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This satellite image provided by the NOAA shows five tropical cyclones churning in the Atlantic basin on Sept. 14, 2020. The storms, from left, are Hurricane Sally over the Gulf of Mexico, Hurricane Paulette over Bermuda, the remnants of Tropical Storm Rene, and Tropical Storms Teddy and Vicky.

The Associated Press

The Canadian Hurricane Centre’s top meteorologist is suggesting the combination of hurricane Teddy and a continuing pandemic should prompt Maritimers to plan well ahead for potential power outages.

The storm was churning northward southeast of Bermuda on Friday, with maximum wind speeds over 200 kilometres per hour.

A forecast from the centre said Teddy will approach the Maritimes early next week with impacts likely for parts of the region on Tuesday and Wednesday.

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The forecast says the centre of Teddy could make landfall along the Atlantic Coast of Nova Scotia late Tuesday, with possible impacts including strong, potentially damaging winds, storm surges along with pounding surf and heavy rainfall.

The hurricane centre’s senior forecaster, Bob Robichaud, notes the potential track is currently 360 kilometres wide, meaning the eye could go into the Gulf of Maine south of Nova Scotia or pass to the province’s east.

He says residents are advised to prepare for hurricane-related power outages this fall, given the need to socially distance when shopping for supplies before storms.

“Even in August we were saying, whatever you need to get through a storm, you should purchase it before the storm is on the map,” he said during an interview on Friday.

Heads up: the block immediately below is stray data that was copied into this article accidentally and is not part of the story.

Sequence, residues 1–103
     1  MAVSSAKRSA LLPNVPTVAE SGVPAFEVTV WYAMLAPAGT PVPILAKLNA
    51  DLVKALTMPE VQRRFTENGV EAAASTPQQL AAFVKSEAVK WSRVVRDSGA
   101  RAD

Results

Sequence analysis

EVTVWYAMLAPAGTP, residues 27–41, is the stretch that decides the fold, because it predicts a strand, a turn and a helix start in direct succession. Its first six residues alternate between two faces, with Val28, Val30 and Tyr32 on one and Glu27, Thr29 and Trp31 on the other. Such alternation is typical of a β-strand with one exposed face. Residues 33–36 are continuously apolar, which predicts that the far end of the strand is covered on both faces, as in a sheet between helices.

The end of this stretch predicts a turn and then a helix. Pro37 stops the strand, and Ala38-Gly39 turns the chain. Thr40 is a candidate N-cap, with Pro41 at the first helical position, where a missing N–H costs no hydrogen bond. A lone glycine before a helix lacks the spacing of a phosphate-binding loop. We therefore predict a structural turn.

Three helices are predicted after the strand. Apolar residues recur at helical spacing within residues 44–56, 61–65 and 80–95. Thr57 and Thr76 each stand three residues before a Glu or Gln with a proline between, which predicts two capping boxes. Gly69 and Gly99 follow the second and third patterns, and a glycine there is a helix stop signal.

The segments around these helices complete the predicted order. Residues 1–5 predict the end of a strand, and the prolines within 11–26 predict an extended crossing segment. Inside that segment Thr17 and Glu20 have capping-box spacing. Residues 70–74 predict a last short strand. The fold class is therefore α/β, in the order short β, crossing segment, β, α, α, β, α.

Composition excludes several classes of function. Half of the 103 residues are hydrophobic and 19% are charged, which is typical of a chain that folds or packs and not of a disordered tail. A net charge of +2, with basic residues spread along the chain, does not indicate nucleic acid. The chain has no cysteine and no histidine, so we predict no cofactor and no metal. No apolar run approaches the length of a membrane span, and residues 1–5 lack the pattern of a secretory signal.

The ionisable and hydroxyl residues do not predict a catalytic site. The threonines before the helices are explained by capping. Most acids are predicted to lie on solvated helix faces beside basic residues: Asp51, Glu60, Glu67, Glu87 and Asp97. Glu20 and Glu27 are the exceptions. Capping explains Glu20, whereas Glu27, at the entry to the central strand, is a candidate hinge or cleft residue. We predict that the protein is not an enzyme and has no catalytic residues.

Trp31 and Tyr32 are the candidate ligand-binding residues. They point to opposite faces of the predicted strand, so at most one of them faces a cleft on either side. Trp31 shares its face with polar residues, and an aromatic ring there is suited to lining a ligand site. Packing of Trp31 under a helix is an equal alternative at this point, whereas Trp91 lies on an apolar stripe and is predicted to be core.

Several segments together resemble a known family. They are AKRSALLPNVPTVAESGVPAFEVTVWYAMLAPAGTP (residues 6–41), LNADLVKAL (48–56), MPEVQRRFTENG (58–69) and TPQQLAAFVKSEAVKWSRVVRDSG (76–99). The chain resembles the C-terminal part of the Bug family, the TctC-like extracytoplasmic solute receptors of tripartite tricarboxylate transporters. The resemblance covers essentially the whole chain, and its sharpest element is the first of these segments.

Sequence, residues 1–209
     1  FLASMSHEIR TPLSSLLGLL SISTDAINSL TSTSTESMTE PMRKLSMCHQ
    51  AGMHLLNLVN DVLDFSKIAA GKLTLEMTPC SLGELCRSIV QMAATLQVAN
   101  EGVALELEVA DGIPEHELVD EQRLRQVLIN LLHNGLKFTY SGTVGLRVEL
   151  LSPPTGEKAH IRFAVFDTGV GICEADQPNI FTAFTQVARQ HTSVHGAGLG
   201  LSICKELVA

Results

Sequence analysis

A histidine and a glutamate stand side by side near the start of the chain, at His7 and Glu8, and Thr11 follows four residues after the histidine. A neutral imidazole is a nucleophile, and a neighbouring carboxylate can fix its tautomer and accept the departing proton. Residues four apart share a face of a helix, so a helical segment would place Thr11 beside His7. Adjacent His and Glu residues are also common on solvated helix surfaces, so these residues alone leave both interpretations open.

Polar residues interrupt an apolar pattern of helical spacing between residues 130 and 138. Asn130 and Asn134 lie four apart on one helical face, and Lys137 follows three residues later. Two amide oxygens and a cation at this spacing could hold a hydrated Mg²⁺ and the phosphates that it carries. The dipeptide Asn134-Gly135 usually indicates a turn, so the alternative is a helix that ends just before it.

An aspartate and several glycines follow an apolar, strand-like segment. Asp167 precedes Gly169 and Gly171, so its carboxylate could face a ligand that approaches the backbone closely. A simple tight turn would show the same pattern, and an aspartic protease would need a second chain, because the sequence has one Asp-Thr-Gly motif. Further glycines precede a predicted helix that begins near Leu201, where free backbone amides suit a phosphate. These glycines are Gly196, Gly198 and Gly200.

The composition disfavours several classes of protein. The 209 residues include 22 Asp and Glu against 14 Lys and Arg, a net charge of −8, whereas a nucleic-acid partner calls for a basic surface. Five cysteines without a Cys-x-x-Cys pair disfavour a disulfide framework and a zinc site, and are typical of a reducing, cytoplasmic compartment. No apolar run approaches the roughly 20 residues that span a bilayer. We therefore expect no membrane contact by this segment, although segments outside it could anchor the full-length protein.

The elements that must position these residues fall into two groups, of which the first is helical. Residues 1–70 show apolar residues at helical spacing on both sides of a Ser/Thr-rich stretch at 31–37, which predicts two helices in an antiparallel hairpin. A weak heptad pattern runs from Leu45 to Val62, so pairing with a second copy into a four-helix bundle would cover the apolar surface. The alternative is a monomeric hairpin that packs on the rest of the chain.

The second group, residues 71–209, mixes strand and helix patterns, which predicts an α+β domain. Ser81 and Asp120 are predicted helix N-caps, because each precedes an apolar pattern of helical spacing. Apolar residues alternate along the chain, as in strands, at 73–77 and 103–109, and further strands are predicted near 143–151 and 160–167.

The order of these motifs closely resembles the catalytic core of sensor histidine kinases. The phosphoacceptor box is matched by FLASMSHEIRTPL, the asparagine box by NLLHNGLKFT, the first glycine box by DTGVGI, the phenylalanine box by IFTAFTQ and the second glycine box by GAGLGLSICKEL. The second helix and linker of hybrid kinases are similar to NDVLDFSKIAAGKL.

“Now, not only is the storm on the map, it’s heading this way.”

In May, the hurricane centre in Halifax warned of another active storm season, with Robichaud noting that the COVID-19 pandemic could make it difficult for people to prepare for rough weather.

Earlier this year, the U.S.-based National Oceanic and Atmospheric Administration also predicted an above-normal Atlantic hurricane season.

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The American agency said it was expecting 13 to 19 named storms – six to 10 of which could become hurricanes. Teddy is the 19th named storm of the season.

Robichaud says various meteorological factors unfolding over the weekend could effect the storm’s intensity.

As the storm moves out of the Caribbean over the North Atlantic, it will be over colder water, causing it to lose some power, said Robichaud.

In addition, there is a high pressure area moving from the west into the Maritimes, bringing pleasant fall weather.

“That area of high pressure, if it remains very, very strong, it will deflect the storm off one way or another,” he explained.

The meteorologist said the potential hazards from Teddy are high winds and coastal storm surges.

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“Those are the things people need to begin to think about as we head into the weekend,” he said.

Nova Scotia Power activated its emergency operations center on Friday and announced it is mobilizing personnel and resources in advance of the storm’s arrival.

“We have been closely monitoring hurricane Teddy for several days and taking steps to prepare,” said Matt Drover, Nova Scotia Power’s storm lead.

The utility is encouraging customers to assemble an emergency kit that includes flashlights, a battery-powered radio and fresh water and to ensure backup generators are installed properly outdoors.

The province’s emergency management office issued a release on Friday also encouraging citizens to prepare in advance.

“Nova Scotians should also remember that they need to continue to follow COVID-19 public health direction as they prepare. Stores often have longer lineups in advance of a storm, and physical distancing of two metres and mask wearing are still required,” the agency said in a news release.

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